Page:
Joe Vandever Sr. was drafted into the Marine Corps to serve as a Navajo Code Talker during World War II. The code was never broken.

Joe Vandever was born in New Mexico and drafted into the Marine Corps at 19 to serve as a Navajo Code Talker during World War II. Vandever went through basic training in Fort Wingate, New Mexico, before continuing training at Camp Pendleton in San Diego, California.

In October 1943, Vandever joined the 6th Marine Division, 3rd Raider Battalion. He was the translator of all incoming Navajo messages for his commanding officers. By applying the Navajo words for common English, Code Talkers could encode and transmit messages as fast as Morse code. The Japanese never deciphered this code. Throughout his service, Vandever traveled on 16 different battleships and was stationed in New Caledonia, the Samoan Islands, Bougainville, Guadalcanal, Emirau Island, Guam; Okinawa, Japan; and China.

Vandever had strong faith throughout his service. Before being drafted, a medicine man blessed him for protection for his challenging journey. When Vandever was with the 4th Marines Regiment Brigade in Guam, he saw a gray and yellow Cassin’s kingbird land in front of him. He believed the bird to be a spiritual symbol assuring him that he would return home safely thanks to the ceremonies performed in Navajo Nation.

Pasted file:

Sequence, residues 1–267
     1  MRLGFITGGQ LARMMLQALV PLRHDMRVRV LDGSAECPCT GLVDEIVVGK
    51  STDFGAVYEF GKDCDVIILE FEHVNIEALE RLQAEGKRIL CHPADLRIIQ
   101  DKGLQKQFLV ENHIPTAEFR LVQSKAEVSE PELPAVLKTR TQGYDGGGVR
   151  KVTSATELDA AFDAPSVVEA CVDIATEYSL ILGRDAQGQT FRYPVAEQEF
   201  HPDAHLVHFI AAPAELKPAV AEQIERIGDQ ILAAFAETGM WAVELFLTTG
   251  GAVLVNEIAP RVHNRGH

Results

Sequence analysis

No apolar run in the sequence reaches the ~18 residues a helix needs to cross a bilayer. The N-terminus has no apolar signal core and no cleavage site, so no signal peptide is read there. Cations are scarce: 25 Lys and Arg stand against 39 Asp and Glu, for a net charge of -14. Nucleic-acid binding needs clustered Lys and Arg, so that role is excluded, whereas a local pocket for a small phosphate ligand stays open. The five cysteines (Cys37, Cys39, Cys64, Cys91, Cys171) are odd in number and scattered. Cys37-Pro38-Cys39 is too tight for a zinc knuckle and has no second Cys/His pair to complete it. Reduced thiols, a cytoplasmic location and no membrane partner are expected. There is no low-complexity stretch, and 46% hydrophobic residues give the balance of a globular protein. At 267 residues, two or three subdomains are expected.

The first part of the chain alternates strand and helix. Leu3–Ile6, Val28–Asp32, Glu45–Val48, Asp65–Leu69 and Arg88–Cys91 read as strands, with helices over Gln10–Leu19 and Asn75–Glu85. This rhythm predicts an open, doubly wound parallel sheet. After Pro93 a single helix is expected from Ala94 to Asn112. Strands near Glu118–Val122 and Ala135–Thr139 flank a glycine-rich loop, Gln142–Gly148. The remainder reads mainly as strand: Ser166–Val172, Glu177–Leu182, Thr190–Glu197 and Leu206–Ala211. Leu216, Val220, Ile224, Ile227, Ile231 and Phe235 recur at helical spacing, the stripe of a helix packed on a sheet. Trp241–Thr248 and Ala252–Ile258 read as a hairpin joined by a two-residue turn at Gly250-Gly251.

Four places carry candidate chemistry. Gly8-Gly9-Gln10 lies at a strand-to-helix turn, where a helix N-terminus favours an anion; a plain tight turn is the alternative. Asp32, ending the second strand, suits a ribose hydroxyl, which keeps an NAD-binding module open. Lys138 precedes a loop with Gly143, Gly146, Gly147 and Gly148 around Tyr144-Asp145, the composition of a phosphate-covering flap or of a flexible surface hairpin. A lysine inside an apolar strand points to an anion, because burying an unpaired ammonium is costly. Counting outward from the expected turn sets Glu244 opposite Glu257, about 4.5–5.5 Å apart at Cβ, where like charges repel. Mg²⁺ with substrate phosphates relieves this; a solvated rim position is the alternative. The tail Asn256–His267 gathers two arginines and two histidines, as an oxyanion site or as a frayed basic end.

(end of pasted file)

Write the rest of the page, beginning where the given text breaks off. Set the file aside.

Vandever did return home safely upon discharge on Jan. 22, 1946. He returned home to his family in Navajo Nation and, on Sept. 20, 1946, married his sweetheart Bessie, a Navajo weaver and herbalist. He returned to his family heritage and faith by becoming a Navajo medicine man. He also continued a family farm while working different jobs at an oil company, as a uranium prospector, and as a chauffeur. For Vandever, the Navajo language was compelling and he continued to advocate for younger generations to learn to speak the language for the rest of his life.

The Navajo Code Talker program remained classified until 1968 and Code Talkers were instructed not to talk about it. In the 1980s, Code Talkers started to receive recognition for their monumental service by being honored at parades. Vandever also participated in the Navajo Code Talker Day celebrations held on August 14th, the day that President Ronald Reagan declared National Navajo Code Talker Day. He also received the Congressional Silver Medal in 2001.

By 2020, Vandever was one of the few remaining Navajo Code Talkers remaining, from a group of between 375 to 420. He died on Jan. 31, 2020, at the age of 96. His wife died the year prior. They were married for 73 years. Vandever was honored by Navajo Nation leadership, Arizona Sen. Martha McSally, and New Mexico Gov. Michelle Lujan Grisham for his incredible service to the nation.

We honor his service.


Writer: Annaleigh Cummings

Editor: Essence McPherson

Fact Checkers: Vivian Hurney, Courtney Atkins

Graphics: Sarah Kowalewski

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